Bony fish – internal anatomy
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<b>GILLS</b><br>Fish have a simple, single-loop circulatory system were blood flows from the heart to the gills, and then to the rest of the body in a continuous loop through a series of veins and arteries. <br><br>Gills consist of gill arches, which are a supporting structure, gill rakers that remove solid material, and gill filaments, across which gas exchange occurs. Gas exchange is the diffusion of oxygen from the water into the blood vessels of the filaments, with carbon dioxide diffusing out of these blood vessels into the water passing over them.
<b>OTOLITH</b><br />Whilst fish don’t have ears in the human sense, they ‘hear’ sounds well in their own environment and can tell what direction it is coming from. Fish might not have ‘ear holes’ to let in sounds, but instead use their whole bodies to pick up vibrations that sounds make. The otolith or ‘ear bone’ is the fish’s inner ear, enabling them to listen to sound waves that travel through the water.<b><br /><br />TELL ME YOUR AGE</b><br />Researchers can determine the age of bony fish by studying their otoliths. As a fish grows, tiny white and clear bands of calcified material are laid down in the otolith, similar to growth rings in a tree. The growth bands are counted under a microscope to determine the age of the fish.
<b>HEART</b><br />The heart is a muscular organ which pumps blood throughout the body. <br /><br />Similarly to sharks, blood is circulated by a 2-chambered heart and passes through the gills where it loses carbon dioxide and receives a fresh supply of oxygen prior to coursing the remainder of the body.
<b>LIVER<br /></b>The liver produces enzymes (chemicals) to aid in digestion. It is also a storage area for fats, blood sugars and vitamins and breaks down toxins and old blood cells for excretion or recycling.
<b>INTESTINE</b><br />The intestine is the main site of digestion and absorption. As a general rule, fish with short intestines are carnivorous (meat-eating) and those with long, coiled intestines are herbivorous (plant-eating), as fibrous plant materials are harder to break down.
<b>PYLORIC CAECAE</b><br>Finger-like pouches attached to the intestine (immediately following the stomach), which are believed to have a digestive and/or absorption function.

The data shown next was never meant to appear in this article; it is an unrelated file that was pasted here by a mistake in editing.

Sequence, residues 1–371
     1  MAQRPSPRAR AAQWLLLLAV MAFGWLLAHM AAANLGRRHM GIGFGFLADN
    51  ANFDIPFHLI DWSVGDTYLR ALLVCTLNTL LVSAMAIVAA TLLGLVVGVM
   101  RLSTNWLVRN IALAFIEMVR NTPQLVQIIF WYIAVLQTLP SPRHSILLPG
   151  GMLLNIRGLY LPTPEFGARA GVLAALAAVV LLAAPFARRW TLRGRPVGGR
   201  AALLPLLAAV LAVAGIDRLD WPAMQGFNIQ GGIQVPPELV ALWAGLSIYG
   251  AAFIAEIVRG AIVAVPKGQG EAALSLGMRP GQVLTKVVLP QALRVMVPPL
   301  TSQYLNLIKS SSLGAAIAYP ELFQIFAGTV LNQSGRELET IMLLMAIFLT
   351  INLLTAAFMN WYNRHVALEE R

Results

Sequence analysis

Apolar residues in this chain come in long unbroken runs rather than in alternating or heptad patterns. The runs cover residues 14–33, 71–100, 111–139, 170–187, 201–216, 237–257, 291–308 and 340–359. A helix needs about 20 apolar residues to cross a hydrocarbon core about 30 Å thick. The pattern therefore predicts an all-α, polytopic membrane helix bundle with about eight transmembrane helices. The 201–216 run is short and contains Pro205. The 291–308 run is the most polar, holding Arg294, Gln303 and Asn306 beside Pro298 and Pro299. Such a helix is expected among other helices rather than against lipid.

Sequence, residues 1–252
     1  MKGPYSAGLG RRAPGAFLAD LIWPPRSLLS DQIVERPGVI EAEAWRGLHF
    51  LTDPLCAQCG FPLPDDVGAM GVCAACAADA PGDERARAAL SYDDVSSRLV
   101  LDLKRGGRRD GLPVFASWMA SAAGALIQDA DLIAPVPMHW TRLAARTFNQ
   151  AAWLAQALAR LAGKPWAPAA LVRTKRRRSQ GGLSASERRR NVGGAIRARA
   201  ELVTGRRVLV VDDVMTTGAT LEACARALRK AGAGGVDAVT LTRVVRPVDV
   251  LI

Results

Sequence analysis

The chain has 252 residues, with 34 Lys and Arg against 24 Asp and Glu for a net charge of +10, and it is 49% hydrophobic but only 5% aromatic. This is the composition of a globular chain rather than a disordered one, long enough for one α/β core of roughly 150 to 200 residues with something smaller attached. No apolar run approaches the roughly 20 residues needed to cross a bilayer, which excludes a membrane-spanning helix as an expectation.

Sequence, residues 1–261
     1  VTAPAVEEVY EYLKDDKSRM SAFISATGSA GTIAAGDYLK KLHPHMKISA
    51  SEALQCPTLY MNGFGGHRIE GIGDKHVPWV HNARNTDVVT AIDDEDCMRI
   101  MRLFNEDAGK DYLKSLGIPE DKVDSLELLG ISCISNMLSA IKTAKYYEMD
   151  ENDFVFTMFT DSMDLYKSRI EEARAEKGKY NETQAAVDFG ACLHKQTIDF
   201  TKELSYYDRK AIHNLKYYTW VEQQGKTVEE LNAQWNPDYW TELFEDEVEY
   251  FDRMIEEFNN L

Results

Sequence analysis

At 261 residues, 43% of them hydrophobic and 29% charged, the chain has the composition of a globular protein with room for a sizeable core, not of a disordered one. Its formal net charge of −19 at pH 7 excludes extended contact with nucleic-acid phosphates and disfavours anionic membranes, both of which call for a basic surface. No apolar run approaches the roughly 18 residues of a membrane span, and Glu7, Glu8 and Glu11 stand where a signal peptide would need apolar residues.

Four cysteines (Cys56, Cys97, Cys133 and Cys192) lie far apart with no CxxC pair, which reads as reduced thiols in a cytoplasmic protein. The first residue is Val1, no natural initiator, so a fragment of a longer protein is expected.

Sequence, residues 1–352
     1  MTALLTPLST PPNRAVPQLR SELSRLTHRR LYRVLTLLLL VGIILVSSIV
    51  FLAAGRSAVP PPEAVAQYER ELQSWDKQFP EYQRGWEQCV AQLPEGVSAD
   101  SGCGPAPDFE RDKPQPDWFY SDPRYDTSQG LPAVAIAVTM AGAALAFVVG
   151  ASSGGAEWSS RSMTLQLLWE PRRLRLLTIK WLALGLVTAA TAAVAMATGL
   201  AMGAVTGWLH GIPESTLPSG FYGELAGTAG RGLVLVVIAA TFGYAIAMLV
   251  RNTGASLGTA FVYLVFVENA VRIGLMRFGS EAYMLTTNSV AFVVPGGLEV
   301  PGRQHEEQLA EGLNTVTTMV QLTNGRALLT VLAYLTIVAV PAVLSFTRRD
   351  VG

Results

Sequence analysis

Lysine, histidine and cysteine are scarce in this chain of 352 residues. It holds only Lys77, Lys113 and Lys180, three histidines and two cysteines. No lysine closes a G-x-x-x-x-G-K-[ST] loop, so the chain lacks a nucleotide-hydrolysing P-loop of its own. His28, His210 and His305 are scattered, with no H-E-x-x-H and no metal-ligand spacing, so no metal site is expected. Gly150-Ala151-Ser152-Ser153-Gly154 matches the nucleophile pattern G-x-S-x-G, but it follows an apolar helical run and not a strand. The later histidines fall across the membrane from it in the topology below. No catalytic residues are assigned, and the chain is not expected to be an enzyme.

<b>STOMACH</b><br>The stomach is where digestion commences.<br><br>The main components of the digestive system include the liver, stomach, intestine and pyloric caecae.
<b>REPRODUCTIVE ORGANS<br /></b>The reproductive organs of fish are referred to as gonads. These organs are usually paired. Female gonads (ovaries) produce eggs and are usually pink, red or orange in colour and are covered in numerous blood vessels. Male gonads (testes) produce sperm and are usually white (cream) or grey in colour.<b><br /><br />REPRODUCTION</b><br />The majority of bony fish reproduce by external fertilisation of their eggs and have a pelagic larval stage. Most bony fish produce thousands (and in some fish, millions) of eggs each year.
<b>SWIM BLADDER</b><br />Most bony fishes (adult flounder and some bonito are an exception) have a swim bladder, a gas filled sac . The swim bladder controls the fish’s buoyancy. The amount of gas contained within the bladder is adjusted to allow the fish to move up and down in the water column while conserving energy. In some species the swim bladder is also used in hearing and sound production.
<b>VENT<br /></b>The vent, or anus, is the external opening to the digestive and reproductive systems.
<b>LATERAL LINE</b><br>Hearing, vision and balance are controlled by the interaction of the inner ear, lateral line and swim bladder. The lateral line is a sensory organ that runs along the sides of the fish’s body, under the skin. Neuromast cells are located in the inner ear and in the canals of the lateral line system. These cells translate vibrations in the water into nerve impulses. Nerves connect the lateral line to the ears and the brain. The swim bladder acts as a transducer to amplify sounds as the swim bladder vibrates. Marine WATERs, Hillarys, Australia. 653 likes. Marine WATERs welcomes you to share experiences and knowledge with other like-minded marine educators across Western Australia, Australia and overseas.
More education resources are available from the MarineWATERs website. Marine WATERs
<div><b><span style="font-size:16px;">FEEDING</span></b></div><div>Like sharks and rays, fish have a one way digestive system. Food enters the mouth and travels via the oesophagus to the stomach. From the stomach it is passed into the intestine for further digestion. Digested wastes are eliminated from the intestine via the anus.</div> The anatomy of a fish
<div>Find out more about the Australian herring's diet, lifecycle, distribution and fishing for them at this link.</div> Herring, Australian

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